Reg C├Žsar said...

Lenin said that when he hanged the capitalists, they would sell him the rope.

What he didn't add was that the socialists had to buy the rope, because they didn't meet their quota that year.

Eric said...

Dissidentman, thank you for stating your agreement with mnuez at the top of your post rather than the bottom.

I dunno. The Euros have got it pretty sweet with their national healthcare and six-week vacations.

Sure, but it's not sustainable. Barring a major disease outbreak or war they simply can't sustain current expenditure levels. Hell, Medicare and Social Security are gonna break us too, but we're in way better shape than countries with a more advanced case of socialism.

Socialists like to think the money is coming from "the rich", but in reality rich people pay about the same acutual percentage of their income (around 25%, according to the Economist) pretty much no matter where you are. If tax rates are high they spend proportionally more effort avoiding taxes, as in pre-Reagan times when wealthy Americans kept their money in double-tax-free bonds or "businesses" which were created for the sole reason of moving tax obligations to the next year.

The money for expansive social programs is actually coming from the next generation, either from debt or from deferred obligations. Works great as long as your population is growing briskly.

The really interesting thing to watch in the coming decades will be just how much the young are willing to finance the lifestyles of their elders.

Anonymous said...

lot's of people like ralph nader's dad have moved to scandinavia.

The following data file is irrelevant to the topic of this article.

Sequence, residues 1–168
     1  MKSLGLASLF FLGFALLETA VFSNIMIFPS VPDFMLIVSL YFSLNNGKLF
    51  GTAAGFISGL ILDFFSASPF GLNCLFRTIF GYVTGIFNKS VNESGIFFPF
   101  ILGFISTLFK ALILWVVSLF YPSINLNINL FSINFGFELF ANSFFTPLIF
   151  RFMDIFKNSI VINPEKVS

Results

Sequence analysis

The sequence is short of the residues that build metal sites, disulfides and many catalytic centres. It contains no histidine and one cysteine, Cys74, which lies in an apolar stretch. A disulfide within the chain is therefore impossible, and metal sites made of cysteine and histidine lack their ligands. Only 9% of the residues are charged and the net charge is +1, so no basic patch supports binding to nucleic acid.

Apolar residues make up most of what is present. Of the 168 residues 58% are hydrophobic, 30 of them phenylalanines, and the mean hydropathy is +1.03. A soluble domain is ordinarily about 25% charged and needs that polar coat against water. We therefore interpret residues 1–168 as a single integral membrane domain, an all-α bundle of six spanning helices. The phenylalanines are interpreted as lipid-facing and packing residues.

benn franklyn said...

Populism is rearing its head in the Left and the Right these days.

What happened to Reaganomics? Should society be led by those who perform the least, or those who perform the most?

Socialism fails because it never encourages innovation. Probably because bureaucracies are good are sustaining and preserving a status quo, but utterly hostile to anything new. Capitalism works because rich people have the leisure and resources to find and fund good ideas.

Socialism can do the same thing in its revolutionary phase. Stalinism really did improve the lives of many Russians (and killed or jailed the others). But later on it becomes just another sluggish, schoolmarmish bureaucracy. The government is one big middle man trying to hog the economy for itself.

Europe has done OK because it has copied American ideas and benefited from American military strength. China is busy doing the same thing. But copycatism only carries society so far, and ends up as inertia.

In reality, those who can learn do best. That means adaptation to new environmental circumstances. If Joe the factory worker or Tyrone the public school student fails to learn, then they will be dependent on someone else's charity. Not a recipe for a great society.

Populism, or the politics of resentment, only works when there is enough pie to share. It has very limited abilities to actually make that pie.

Anonymous said...

Populism is rearing its head in the Left and the Right these days.

I had always considered Populism a "left" thing. Is there a left without populism? Not being snarky, just curious what you mean by that.

ben tillman said...

Socialism is just another name for feudal ownership.

No. No. No. Socialism and feudalism are opposites.

benn franklyn said...

Left without Populism? Sure. Steve does a great job of showing how Left elites force unpopular intellectualized agendas down regular folks' throats. The biggest target of this is lower to middle income bracket whites, who have chafed and sometimes acted out against policies like forced busing. Basically because they have to suffer and fund these intellectual endeavors, for better or worse.

Some of these whites moved over to the Republicans in the past decades due to this constant Left browbeating.